Every day in the UK 100 people start to lose their sight, yet, over half of all sight loss is avoidable.
Smoking is the BIGGEST modifiable risk factor of sight loss with smokers risking blindness even if they are not genetically pre-disposed to it.
Any amount of smoking, even light or occasional smoking, can affect your eye health. So, don’t be blind to the risks, take a look at our list of #20Ways smoking damages your eyes and increases your risk of sight loss…
#1 Tobacco smoke causes biological changes in your eyes that can lead to poor eye health and loss of vision
#2 Cigarette smoke contains over 4,000 toxic chemicals that enter your eyes & increase your risk of sight loss by up to four times
#3 Tobacco chemicals damage the tiny blood vessels inside your eyes causing blockages and internal bleeding
#4 Tobacco chemicals interfere with the production of your tears – the tear film is important because it keeps the front of your eye healthy and helps your eyes focus clearly
#5 Smoking causes oxidative stress and damages your retina
#6 Tobacco reduces the amount of oxygen that reaches your macula. The macula is the part of the eye responsible for central, high-resolution vision
#7 Smoking is a key risk factor for Age-related Macular Degeneration (AMD), the UK’s leading cause of blindness in the UK.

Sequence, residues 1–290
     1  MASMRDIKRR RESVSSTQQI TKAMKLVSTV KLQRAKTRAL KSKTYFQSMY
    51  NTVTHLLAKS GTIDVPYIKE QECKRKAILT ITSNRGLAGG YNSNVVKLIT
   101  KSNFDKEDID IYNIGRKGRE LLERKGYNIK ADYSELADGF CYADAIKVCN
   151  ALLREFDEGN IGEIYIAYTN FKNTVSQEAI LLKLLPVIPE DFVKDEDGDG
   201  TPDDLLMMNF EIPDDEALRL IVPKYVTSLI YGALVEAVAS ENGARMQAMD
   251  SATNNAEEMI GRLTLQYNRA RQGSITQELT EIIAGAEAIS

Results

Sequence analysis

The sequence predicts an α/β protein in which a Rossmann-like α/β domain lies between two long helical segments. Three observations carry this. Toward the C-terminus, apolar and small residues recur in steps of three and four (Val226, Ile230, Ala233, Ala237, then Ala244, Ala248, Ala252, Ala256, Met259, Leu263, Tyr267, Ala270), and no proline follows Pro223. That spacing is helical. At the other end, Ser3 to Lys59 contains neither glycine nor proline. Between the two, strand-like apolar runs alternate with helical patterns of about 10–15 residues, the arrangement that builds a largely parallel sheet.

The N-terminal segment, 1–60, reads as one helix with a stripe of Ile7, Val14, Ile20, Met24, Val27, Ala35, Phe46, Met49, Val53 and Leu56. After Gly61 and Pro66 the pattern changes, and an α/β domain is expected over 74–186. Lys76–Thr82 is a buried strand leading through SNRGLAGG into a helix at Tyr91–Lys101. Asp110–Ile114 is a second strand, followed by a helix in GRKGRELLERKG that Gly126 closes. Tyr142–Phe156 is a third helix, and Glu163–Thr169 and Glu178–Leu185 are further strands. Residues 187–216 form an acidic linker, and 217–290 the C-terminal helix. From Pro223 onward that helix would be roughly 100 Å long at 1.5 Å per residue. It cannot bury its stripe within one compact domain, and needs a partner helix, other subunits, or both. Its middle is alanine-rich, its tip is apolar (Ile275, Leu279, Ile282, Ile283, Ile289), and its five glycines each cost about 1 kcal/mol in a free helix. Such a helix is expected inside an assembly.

#8 Research published in British Medical Journal suggests 1 in 5 cases of AMD are caused by tobacco consumption
#9 On average smokers develop AMD five years earlier than non-smokers
#10 Smoking is a major risk factor in the development of cataracts
#11 The risk of nuclear cataracts is three times greater in smokers than non-smokers
#12 Smoking is a significant risk factor for developing diabetic retinopathy. Diabetic retinopathy is one of the top five causes of sight loss in the UK
#13 Smoking increases your risk of dry eye syndrome – the leading cause of eye irritation in over 65s
#14 Smoking is associated with the development of thyroid eye disease (TED). Smokers are up to 8 times more likely to suffer from this potentially sight threatening condition which affects up to 400,000 people in UK
#15 Smokers have increased prevalence of colour vision deficiency
#16 Nicotine poisoning can make it difficult to clearly distinguish colours with a red or green hue.
#17 Smokers are twice as likely to suffer Uveitis – a painful inflammation of the middle layer of the eye – than non-smokers
#18 Smoking increases the risk of contact lens wearers suffering corneal ulcers. If left untreated corneal ulcers can lead to severe vision loss and even loss of the eye
#19 Smoking in pregnancy affects the development of your unborn baby and increases the risk of your child having a squint
#20 It’s not just your eyes that suffer. Secondhand smoke increases the risk of your loved-ones suffering sight loss
Now you know the facts – what are you waiting for? If you’re a smoker make No Smoking Day (9 March 2016) the day you quit for good.
Visit nhs.uk/smokefree for FREE advice and local support to help you stop smoking – it could just save your sight
 Joint Associations of Diet, Lifestyle, and Genes with Age-Related Macular Degeneration, Kristin J. Meyers et al. Ophthalmology journal, Sept 2015
 British Medical Journal, Vol. 328, S. 537
 Estimate taken from National Institute for Health and Care Excellence (NICE)
Published 8 March 2016